The “Global Center of Spatial Methods for Urban Sustainability” (GCSMUS) together with the Research Committee on “Logic and Methodology in Sociology” (RC33) of the “International Sociology Association” (ISA) and the Research Network “Quantitative Methods” (RN21) of the European Sociology Association” (ESA) will organize a “1st International and Interdisciplinary Conference on Spatial Methods” (“SMUS Conference”) which will at the same time be the “1st RC33 Regional Conference – Africa: Botswana” from Thursday 23.09 – Sunday 26.09.2021, hosted by the University of Botswana in Gaborone, Botswana. Given the current challenge of the COVID-19 pandemic, the conference will convene entirely online. The conference aims at promoting a global dialogue on methods and should attract methodologists from all over the world and all social and spatial sciences (e.g. area studies, architecture, communication studies, educational sciences, geography, historical sciences, humanities, landscape planning, philosophy, psychology, sociology, urban design, urban planning, traffic planning and environmental planning). Thus, the conference will enable scholars to get in contact with methodologists from various disciplines all over the world and to deepen discussions with researchers from various methodological angles. Scholars of all social and spatial sciences and other scholars who are interested in methodological discussions are invited to submit a paper to any sessions of the conference. All papers have to address a methodological problem.
Please find more information on the above institutions on the following websites:
- ‒ “Global Center of Spatial Methods for Urban Sustainability” (GCSMUS): https://gcsmus.org and www.mes.tu-berlin.de/spatialmethods
- ‒ ISA RC33: http://rc33.org/
- ‒ ESA RN21: www.europeansociology.org/research-networks/rn21-quantitative-methods
- ‒ University of Botswana in Gaborone: www.ub.bw
If you are interested in getting further information on the conference and other GCSMUS activities, please subscribe to the GCSMUS newsletter by registering via the following website: https://lists.tu-berlin.de/mailman/listinfo/mes-smusnews
Rules for Session Organization (According to GCSMUS Objectives and RC 33 Statutes)
- There will be no conference fees.
- The conference language is English. All papers therefore need to be presented in English.
- All sessions have to be international: Each session should have speakers from at least two countries (exceptions will need good reasons).
- Each paper must contain a methodological problem (any area, qualitative or quantitative).
- There will be several calls for abstracts via the GCSMUS, RC33 and RN21 Newsletters. To begin with, session organizers can prepare a call for abstracts on their own initiative, then at a different time, there will be a common call for abstracts, and session organizers can ask anybody to submit a paper.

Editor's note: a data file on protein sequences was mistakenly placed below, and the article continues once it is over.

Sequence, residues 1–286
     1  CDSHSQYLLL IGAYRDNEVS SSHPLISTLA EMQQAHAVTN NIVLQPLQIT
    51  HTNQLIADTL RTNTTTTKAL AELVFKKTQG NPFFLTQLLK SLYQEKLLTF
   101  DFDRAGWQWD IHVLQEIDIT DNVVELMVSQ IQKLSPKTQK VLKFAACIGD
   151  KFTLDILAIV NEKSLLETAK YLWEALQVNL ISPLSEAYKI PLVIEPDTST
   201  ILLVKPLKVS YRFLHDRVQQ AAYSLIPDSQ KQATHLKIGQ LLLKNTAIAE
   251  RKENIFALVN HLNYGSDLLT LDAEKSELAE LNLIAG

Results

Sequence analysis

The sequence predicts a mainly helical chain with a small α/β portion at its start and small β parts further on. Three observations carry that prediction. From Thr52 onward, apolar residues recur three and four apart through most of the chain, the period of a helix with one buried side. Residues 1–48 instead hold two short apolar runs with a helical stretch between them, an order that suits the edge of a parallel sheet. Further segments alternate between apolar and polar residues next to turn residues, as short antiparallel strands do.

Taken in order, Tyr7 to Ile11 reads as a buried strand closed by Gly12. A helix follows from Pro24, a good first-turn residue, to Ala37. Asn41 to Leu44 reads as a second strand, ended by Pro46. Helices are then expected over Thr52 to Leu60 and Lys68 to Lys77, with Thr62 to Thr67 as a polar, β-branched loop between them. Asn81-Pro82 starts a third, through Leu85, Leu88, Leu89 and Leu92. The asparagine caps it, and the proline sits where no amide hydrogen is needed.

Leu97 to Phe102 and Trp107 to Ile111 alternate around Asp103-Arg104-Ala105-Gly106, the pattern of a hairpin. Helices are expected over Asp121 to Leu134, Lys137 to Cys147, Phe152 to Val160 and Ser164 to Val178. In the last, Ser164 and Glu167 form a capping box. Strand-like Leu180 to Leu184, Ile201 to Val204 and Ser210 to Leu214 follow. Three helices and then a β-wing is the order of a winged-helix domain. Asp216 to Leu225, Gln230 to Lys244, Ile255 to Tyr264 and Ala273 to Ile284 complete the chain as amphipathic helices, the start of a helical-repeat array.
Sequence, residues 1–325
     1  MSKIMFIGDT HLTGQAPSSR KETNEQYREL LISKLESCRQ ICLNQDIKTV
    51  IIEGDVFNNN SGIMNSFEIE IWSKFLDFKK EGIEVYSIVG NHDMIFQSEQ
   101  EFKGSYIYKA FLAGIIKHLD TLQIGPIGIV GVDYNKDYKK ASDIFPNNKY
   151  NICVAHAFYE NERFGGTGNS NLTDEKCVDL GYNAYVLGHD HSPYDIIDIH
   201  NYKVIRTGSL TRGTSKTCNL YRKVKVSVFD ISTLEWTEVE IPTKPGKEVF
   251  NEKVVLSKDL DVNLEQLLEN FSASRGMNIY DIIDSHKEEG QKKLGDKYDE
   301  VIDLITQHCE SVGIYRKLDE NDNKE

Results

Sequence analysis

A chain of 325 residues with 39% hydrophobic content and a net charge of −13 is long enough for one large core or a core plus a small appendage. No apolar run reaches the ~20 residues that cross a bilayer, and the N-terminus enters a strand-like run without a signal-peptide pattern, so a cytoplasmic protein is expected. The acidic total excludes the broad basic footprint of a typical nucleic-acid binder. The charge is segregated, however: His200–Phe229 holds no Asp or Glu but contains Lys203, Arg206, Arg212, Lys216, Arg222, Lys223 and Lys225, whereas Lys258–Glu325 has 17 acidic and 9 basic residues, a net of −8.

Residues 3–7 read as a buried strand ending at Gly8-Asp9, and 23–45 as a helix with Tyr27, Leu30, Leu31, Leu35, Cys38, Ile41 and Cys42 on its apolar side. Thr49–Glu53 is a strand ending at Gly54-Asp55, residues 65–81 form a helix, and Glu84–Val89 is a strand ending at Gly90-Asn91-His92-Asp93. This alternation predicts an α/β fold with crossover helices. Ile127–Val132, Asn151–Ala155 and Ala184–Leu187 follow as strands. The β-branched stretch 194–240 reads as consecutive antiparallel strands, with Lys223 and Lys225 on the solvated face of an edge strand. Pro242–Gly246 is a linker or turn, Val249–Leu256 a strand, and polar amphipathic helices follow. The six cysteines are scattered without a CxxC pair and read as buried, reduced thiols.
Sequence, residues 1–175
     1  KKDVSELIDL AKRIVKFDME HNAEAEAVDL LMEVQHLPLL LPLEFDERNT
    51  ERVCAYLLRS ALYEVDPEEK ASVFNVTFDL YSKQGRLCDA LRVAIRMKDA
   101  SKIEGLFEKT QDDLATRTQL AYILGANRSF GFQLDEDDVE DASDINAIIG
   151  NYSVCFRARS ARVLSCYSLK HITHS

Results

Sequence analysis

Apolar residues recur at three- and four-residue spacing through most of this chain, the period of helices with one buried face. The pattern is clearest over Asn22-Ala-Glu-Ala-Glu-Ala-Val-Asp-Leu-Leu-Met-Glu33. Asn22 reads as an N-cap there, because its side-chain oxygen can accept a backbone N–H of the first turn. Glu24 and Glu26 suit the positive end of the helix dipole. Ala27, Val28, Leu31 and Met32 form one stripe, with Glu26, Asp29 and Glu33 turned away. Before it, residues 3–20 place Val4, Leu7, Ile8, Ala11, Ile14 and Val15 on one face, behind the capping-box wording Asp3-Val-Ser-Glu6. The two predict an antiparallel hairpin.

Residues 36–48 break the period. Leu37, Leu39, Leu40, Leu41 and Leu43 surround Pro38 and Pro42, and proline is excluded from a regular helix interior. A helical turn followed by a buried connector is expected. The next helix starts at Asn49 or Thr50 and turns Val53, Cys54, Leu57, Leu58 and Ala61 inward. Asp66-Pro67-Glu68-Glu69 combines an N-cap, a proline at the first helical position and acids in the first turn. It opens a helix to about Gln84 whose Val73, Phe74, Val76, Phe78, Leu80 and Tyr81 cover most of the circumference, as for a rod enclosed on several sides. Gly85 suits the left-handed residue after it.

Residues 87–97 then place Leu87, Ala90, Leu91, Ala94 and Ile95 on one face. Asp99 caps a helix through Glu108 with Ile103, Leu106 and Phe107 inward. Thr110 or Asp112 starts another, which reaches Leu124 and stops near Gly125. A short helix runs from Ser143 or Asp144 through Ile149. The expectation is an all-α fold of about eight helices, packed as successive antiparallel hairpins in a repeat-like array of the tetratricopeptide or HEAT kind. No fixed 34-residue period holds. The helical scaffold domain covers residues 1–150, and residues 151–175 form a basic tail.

- GCSMUS, RC33 and RN21 members may distribute these calls via other channels. GCSMUS members and session organizers are expected to actively advertise their session in their respective scientific communities.
- Speakers can only have one talk per session. This also applies for joint papers. It will not be possible for A and B to present at the same time one paper as B and A during the same session. This would just extend the time allocated to these speakers.
- Session organizers may present a paper in their own session.
- Sessions will have a length of 90 minutes with a maximum of 4 papers or a length of 120 minutes with a maximum of 6 papers. Session organizers can invite as many speakers as they like. The number of sessions depends on the number of papers submitted to each session. E.g. if 12 good papers are submitted to a session, there will be two sessions with a length of 90 minutes each with 6 papers in each session.
- Papers may only be rejected for the conference if they do not present a methodological problem (as stated above), are not in English or are somehow considered by session organizers as not being appropriate or relevant for the conference. Session organizers may ask authors to revise and resubmit their paper so that it fits these requirements. If session organizers do not wish to consider a paper submitted to their session, they should inform the author and forward the paper to the local organizing team who will find a session where the paper fits for presentation.
- Papers directly addressed to the conference organising committee (and those forwarded from session organizers) will be offered to other session organizers (after proofing for quality). The session organizers will have to decide on whether or not the paper can be included in their session(s). If the session organizers think that the paper does not fit into their session(s), the papers should be sent back to the conference organizing committee as soon as possible so that the committee can offer the papers to another session organizer.